Futile Wisdom, Clever Folly

“The Lord knows the thoughts of the wise, that they are futile.” I Corinthians 3:20

Yesterday I stopped by the 4th Annual Pow Wow at Conestoga College. If you have never been to a Pow Wow, I highly recommend it. Here is an event teeming with life, the drum beating like a heart at the centre of the circle, and all around the community gathers, as a body: to celebrate, to mourn, to reconnect, to sing, and above all, to dance.

As I watched those with winged feet whirl about the circle – ever clockwise in this territory, I chatted with my good friend Jim. Jim grew up in Haudenosaunee territory years before I was born. As a young lad he attended the Brandford Mohawk Institute, one of the many residential schools committed to the infamous Canadian policy of assimilation. He commented that as an Indigenous child he never saw such dancing. It was, of course, deemed illegal. The “wise” ones of those days had outlawed the traditional practices of those who have loved this land for many, many generations before settlers arrived. In their “wisdom” – both futile and horrific – they imposed rules that have inflicted pain on too, too many of Jim’s generation and those that followed.

I came home from the event with a purple ribbon on my jacket. My wife asked what it meant, and I told her that I purchased it at the Wilfrid Laurier University Aboriginal Services table. I also bought a cookie there, and the money from the cookie, and the donation for the ribbon were being used to pay for the funeral of a young woman in the community who had taken her life. Only the Lord knows the reason for such despair, but certainly generations of Indigenous cultural denial by mainstream settler “propriety” and greed inform the why of such a tragedy.

As Jim and I watched the dancing, I pointed to a young man, whose whirling and intricate foot work mesmerized me. He brought to my mind a bird, nesting a world. Jim said that this was Scott, the son-in-law of his youngest sister, and that Scott wouldn’t have grown up dancing, but clearly mastered it along the way. About that time a little one, maybe four years old, feathered and sequined and at one with the drum ran and danced and danced and ran. Jim smiled and said that this one will always know dancing. And I thought, this is how it should be: dancing your way into life, foolishly losing yourself to the drumbeat, the heartbeat, the heart, the hearth, the fire, the flame.

Such is hope: folly to the “wise.”

10 thoughts on “Futile Wisdom, Clever Folly

  1. diannegray says:

    It’s very sad to know that entire languages and cultures have been lost because of those ‘wise’ ones. But it’s wonderful and inspiring to hear that these cultures are now celebrated and encouraged xxx

    • agjorgenson says:

      Yes, indeed. Canada and Australia share some same sad stories, although they are also each different in some important ways. What is most important, however, is that change is in the air and on the ground!

  2. shoreacres says:

    The post I’m currently working on involves buffalo, and while I’m not concerned specifically with the decimation of the herds because of human greed and thoughtlessness, I am reminded that when the buffalo disappeared, so did a way of life.

    Today, as the commercial and conservation herds of bison continue to rebuild, it seems interesting that a parallel growth of respect for indigenous cultures is taking place. Personally, I think some of the political correctness in the US is laughable and irrelevant. Changing the name of a football team from Redskins to – whatever – isn’t going to affect attitudes of the prejudiced. In fact, the loss of such traditions hardens attitudes in some respects.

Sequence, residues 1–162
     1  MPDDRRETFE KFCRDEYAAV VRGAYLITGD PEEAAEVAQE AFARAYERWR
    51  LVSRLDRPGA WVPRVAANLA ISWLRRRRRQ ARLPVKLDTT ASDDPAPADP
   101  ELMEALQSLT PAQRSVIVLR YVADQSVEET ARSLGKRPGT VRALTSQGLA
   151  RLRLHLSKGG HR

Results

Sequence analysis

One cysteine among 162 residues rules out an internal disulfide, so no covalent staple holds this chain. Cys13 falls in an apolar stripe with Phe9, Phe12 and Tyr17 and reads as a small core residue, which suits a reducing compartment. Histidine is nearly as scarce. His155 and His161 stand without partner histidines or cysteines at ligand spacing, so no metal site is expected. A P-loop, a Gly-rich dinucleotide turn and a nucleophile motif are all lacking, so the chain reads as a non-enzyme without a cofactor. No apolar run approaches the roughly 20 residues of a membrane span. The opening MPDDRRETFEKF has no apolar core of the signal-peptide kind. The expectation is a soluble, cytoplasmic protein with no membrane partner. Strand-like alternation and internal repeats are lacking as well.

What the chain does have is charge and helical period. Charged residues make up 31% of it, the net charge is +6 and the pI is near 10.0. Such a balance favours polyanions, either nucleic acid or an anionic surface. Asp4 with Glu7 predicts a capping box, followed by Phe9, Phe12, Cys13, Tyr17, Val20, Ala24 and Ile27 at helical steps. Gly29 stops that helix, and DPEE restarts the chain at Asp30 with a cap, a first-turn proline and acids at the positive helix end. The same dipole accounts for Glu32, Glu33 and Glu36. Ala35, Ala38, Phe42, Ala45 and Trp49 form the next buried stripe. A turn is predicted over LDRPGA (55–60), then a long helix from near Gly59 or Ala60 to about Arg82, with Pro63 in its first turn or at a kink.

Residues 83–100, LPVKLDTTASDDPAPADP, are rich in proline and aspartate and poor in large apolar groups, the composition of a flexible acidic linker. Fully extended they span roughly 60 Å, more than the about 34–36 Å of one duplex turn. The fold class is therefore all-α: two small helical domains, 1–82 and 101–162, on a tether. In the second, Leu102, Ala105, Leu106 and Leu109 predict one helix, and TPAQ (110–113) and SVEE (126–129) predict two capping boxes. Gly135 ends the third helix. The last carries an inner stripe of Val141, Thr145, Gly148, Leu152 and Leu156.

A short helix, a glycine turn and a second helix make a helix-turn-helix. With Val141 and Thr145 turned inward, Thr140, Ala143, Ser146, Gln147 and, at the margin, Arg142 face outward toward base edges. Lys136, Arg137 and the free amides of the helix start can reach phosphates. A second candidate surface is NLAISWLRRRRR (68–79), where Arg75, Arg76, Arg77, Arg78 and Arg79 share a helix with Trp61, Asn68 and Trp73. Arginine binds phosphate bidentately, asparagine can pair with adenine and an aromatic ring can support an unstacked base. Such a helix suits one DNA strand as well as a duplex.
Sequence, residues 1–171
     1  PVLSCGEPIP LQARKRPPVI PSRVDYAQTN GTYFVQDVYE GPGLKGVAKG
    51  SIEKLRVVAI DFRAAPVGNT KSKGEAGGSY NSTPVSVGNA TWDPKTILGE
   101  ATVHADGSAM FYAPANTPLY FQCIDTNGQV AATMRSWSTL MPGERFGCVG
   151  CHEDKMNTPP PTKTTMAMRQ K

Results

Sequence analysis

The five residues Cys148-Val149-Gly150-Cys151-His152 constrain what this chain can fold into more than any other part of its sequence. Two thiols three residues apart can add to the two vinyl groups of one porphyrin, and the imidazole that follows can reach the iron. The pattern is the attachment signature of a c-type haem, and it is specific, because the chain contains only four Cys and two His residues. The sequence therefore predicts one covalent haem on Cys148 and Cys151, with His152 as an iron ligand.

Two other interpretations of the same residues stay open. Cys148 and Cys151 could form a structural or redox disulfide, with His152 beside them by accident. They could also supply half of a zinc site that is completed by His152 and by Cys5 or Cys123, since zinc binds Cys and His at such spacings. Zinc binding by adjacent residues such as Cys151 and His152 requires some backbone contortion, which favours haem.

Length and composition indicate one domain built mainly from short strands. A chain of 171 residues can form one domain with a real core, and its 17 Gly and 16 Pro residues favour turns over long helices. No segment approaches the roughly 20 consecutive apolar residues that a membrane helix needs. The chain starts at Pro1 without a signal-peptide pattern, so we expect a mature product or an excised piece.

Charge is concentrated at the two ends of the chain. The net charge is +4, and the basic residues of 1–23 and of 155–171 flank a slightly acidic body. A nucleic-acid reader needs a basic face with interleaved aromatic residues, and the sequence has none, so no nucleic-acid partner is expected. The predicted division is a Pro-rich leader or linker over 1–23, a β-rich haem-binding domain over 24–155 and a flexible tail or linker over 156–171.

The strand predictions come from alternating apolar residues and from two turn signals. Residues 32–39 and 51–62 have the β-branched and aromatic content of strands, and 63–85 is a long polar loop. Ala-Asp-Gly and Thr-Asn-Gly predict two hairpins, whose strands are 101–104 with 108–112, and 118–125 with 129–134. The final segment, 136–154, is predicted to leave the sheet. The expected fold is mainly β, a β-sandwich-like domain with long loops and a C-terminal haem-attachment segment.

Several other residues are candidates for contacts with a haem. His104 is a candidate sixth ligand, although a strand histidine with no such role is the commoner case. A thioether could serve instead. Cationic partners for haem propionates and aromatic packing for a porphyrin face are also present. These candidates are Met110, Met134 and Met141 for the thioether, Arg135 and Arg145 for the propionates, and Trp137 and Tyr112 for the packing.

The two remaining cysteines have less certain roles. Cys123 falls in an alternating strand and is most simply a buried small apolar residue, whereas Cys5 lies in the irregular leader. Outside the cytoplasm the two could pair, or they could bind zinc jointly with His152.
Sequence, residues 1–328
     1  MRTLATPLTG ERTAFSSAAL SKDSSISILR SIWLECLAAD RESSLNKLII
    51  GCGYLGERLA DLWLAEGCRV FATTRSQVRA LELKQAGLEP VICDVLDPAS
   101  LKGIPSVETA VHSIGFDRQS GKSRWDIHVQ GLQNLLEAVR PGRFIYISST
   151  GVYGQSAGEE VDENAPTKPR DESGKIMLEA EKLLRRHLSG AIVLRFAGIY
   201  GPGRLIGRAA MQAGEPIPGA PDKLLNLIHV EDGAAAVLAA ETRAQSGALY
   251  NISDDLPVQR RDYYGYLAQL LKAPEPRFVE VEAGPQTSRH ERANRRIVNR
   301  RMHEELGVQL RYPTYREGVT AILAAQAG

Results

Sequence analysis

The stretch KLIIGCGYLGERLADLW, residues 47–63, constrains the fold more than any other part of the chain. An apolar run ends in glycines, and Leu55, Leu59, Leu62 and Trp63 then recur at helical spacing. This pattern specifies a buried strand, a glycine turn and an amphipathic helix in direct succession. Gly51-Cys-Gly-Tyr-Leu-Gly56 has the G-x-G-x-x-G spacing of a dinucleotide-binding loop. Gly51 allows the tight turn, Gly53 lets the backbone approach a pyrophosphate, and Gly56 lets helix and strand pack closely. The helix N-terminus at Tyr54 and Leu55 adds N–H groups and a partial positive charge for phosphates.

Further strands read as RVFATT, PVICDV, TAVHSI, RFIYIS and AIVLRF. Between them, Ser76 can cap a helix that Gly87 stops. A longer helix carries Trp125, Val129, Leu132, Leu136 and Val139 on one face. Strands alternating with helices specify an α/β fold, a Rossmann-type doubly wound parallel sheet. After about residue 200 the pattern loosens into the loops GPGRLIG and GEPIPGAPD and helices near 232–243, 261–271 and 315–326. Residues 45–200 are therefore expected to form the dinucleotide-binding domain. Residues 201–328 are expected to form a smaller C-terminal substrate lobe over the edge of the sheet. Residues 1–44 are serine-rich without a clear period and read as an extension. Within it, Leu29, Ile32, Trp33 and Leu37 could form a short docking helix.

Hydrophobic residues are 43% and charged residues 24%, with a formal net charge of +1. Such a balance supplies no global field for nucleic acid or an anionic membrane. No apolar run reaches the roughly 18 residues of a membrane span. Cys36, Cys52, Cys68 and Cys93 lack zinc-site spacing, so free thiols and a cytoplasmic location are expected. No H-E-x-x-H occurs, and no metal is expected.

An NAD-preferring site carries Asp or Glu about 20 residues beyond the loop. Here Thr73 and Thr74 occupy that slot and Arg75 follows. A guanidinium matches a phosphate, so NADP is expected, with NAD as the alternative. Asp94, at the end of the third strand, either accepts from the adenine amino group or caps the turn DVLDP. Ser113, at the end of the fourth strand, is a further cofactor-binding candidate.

But helping to make cultures more accessible, and teaching about their significance is something else. We need more of it – much more – if we’re going to learn to dance.

    • agjorgenson says:

      Yes, thanks for your thoughts. We really do need to move beyond PC if significant change is to occur. I think it needs to involve rubbing shoulders with our neighors – indigenous and not.

  3. Diane Rivers says:

    Amazing – and sad – how quickly “assimilation” turns to injustice and indignity. Sad, too, that people have done this to each other throughout history.

    I love the vivid image of the young man dancing as a “bird, nesting a world”. I can imagine the scene. We should all be so free as to dance our way into life. Powerful, thoughtful post, as always.

    • agjorgenson says:

      Thanks for your kind words. I’m glad you enjoyed the nesting picture! I am learning much from my indigenous neighbors as I learn about them. it is a rich, although sometimes very sad, journey. On the other hand, there are always moments of intense joy.

  4. jannatwrites says:

    I find it rather ironic that assimilation was instituted by newcomers to the land. I would think that the newcomers should assimilate to the ways of the inhabitants of the land. I’ve lived in the southwestern US for most of my life and have seen many pow wows of Navajo tribes. It is fascinating (mesmerizing) to watch!

    • agjorgenson says:

      I agree. At choir tonight we sang a song based on a speech from Chief Seattle, in which he tells us that we cannot own the earth, and that all things are connected in a web so that all things impact one another. The fellow beside me leaned over and said; “And to think that our ancestors called them savages!”

  5. I love the connection of the dance to the holy and powerful divine foolishness of 1 Corinthians. Thanks for the powerful images.

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